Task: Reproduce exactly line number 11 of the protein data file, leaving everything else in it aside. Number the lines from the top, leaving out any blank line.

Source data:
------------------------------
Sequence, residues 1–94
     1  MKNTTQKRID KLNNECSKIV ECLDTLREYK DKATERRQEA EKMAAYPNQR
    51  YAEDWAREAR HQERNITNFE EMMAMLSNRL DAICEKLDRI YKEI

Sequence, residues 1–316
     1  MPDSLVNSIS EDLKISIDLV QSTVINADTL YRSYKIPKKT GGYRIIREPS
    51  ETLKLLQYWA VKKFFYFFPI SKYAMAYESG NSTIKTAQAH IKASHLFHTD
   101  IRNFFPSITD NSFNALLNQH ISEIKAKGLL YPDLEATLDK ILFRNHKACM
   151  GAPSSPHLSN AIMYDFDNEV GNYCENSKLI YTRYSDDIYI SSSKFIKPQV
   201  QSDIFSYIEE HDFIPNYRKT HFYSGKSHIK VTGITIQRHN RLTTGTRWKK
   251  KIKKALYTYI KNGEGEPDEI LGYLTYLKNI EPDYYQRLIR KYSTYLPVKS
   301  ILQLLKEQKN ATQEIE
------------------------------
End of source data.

   301  ILQLLKEQKN ATQEIE